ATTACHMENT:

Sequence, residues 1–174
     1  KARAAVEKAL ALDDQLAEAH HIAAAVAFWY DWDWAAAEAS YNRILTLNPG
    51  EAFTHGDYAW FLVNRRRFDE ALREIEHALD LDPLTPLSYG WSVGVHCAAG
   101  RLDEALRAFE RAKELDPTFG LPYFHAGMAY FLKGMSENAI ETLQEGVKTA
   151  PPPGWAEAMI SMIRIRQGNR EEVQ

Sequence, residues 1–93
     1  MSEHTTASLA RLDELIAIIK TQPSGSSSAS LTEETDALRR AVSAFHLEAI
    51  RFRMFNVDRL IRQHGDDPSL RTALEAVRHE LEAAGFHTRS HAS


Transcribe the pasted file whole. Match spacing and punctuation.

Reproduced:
Sequence, residues 1–174
     1  KARAAVEKAL ALDDQLAEAH HIAAAVAFWY DWDWAAAEAS YNRILTLNPG
    51  EAFTHGDYAW FLVNRRRFDE ALREIEHALD LDPLTPLSYG WSVGVHCAAG
   101  RLDEALRAFE RAKELDPTFG LPYFHAGMAY FLKGMSENAI ETLQEGVKTA
   151  PPPGWAEAMI SMIRIRQGNR EEVQ

Sequence, residues 1–93
     1  MSEHTTASLA RLDELIAIIK TQPSGSSSAS LTEETDALRR AVSAFHLEAI
    51  RFRMFNVDRL IRQHGDDPSL RTALEAVRHE LEAAGFHTRS HAS